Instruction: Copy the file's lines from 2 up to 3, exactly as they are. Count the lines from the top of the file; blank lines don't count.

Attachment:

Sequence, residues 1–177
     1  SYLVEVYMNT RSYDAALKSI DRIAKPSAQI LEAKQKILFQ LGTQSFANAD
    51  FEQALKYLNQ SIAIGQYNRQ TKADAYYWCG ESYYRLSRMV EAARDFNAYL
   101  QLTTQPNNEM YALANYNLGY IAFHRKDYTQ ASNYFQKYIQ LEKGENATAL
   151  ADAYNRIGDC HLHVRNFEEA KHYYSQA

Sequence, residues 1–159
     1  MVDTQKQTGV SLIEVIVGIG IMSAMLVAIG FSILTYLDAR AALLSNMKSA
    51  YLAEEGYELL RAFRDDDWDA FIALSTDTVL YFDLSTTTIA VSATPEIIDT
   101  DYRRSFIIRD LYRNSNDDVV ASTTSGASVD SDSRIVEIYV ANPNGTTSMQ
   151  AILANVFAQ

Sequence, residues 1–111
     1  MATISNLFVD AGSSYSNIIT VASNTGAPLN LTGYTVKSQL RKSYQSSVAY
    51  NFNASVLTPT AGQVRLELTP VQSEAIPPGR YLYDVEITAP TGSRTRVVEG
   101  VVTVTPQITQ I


     1  SYLVEVYMNT RSYDAALKSI DRIAKPSAQI LEAKQKILFQ LGTQSFANAD
    51  FEQALKYLNQ SIAIGQYNRQ TKADAYYWCG ESYYRLSRMV EAARDFNAYL